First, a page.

I realize that all that I have gone through and achieved is not anything like a great success to someone. Maybe there are a lot of people here who have gone through much more difficulties and achieved much greater things. Yeah, probably, but three years ago I personally wouldn't have imagined that I would be where I am. If there is even one person in a similar situation to my previous position, wondering if they can achieve their dream, if it could be for them, if dreams are only American dreams, if it is better to give up or not and myriads of other 'if's', then I think my story was worth telling. I haven't reached my dream yet, but I know I'm on the right track. Now, I know that I can go even further out of my comfort zone because that's where I find my strength and motivation to keep going.
About Valyo Gennoff
Valentin Genov is from Bulgaria. He is a BMI composer. His friends call him Valyo and he chose Valyo Gennoff as his artist nickname.
Valyo has been a musician since he was seven years old. He started his relationship with music playing the violin. In his teenage years he played in a chamber orchestra, touring throughout the country. At high school, he started a rock band with several boys from his class, where he played the bass and did some vocals. Both classical and rock music opened his mind and music became an even greater part of his life. They wrote a number of songs, but after finishing school, everyone went their own way and the band split up. Some years later he started playing the bass in a Church band.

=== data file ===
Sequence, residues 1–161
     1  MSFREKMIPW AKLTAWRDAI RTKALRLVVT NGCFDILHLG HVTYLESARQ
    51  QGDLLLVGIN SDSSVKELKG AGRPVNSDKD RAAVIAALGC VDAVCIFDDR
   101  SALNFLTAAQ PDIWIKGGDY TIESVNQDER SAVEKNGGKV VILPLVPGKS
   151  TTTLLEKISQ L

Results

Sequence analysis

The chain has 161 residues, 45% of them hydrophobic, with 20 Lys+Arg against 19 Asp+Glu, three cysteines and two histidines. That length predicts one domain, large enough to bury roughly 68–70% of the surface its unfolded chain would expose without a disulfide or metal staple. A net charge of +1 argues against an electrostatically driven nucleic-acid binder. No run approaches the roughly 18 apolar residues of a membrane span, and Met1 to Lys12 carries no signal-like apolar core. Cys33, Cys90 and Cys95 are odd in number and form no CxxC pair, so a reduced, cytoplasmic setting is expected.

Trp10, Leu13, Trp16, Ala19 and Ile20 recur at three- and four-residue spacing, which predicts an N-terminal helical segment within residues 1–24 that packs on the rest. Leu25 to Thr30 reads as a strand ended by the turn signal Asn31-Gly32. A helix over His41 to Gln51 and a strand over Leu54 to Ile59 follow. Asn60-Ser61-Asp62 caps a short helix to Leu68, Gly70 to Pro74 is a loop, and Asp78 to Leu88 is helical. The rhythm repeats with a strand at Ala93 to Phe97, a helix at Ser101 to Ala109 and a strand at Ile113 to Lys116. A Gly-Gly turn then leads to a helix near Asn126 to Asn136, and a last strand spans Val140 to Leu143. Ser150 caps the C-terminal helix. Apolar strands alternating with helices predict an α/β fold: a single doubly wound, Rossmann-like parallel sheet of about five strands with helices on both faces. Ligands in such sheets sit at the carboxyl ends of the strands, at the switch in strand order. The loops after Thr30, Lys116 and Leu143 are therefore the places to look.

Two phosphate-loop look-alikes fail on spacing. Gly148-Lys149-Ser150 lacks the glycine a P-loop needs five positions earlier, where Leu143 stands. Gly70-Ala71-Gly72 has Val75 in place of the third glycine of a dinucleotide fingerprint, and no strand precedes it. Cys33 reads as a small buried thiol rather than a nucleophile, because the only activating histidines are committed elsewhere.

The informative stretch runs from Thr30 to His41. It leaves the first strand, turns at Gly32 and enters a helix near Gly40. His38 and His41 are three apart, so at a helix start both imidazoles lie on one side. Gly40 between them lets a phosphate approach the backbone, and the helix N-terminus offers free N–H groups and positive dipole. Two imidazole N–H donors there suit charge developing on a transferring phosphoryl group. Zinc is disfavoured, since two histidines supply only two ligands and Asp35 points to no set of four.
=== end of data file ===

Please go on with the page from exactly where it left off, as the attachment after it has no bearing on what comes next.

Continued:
2014 was Valyo's actual start in writing cinematic music. He wrote mainly orchestral pieces, written with visual media in mind.
In 2016 he won second place in the Indie Gathering International Film Scoring Competition among more than 150 composers from all over the world.
At the end of 2016, Valyo was offered by the EMI award winner Ray Szuch, to score his series Horror Hotel, starring Kristina Michelle and it was shown on Action Channel, Retro TV across the USA and worldwide on ROKU.
In January 2017 he wrote a song for Johnny K. Wu's musical 'Innerself'. At the same time he started writing the film score for the documentary 'Black Gold: The Trail to Standing Rock', which from February 2017 to June 2017 won six festival nominations - Hollywood Dreamz International Film Festival and Writers' Celebration, Action on Film 13th Annual Film Festival and Writers' Celebration 2017, Paris Art and Movie Awards, PAMA, Docs Without Borders Film Festival, Hollywood International Independent Documentary Awards Festival and American Tracks Music Awards. The film was directed by the multi award-winning film director Amy Leigh McCorkle.
In July 2017 Valyo started work on a trailer for a future action drama directed again by Amy McCorkle. In September-October 2017, he hopes to start scoring a feature drama.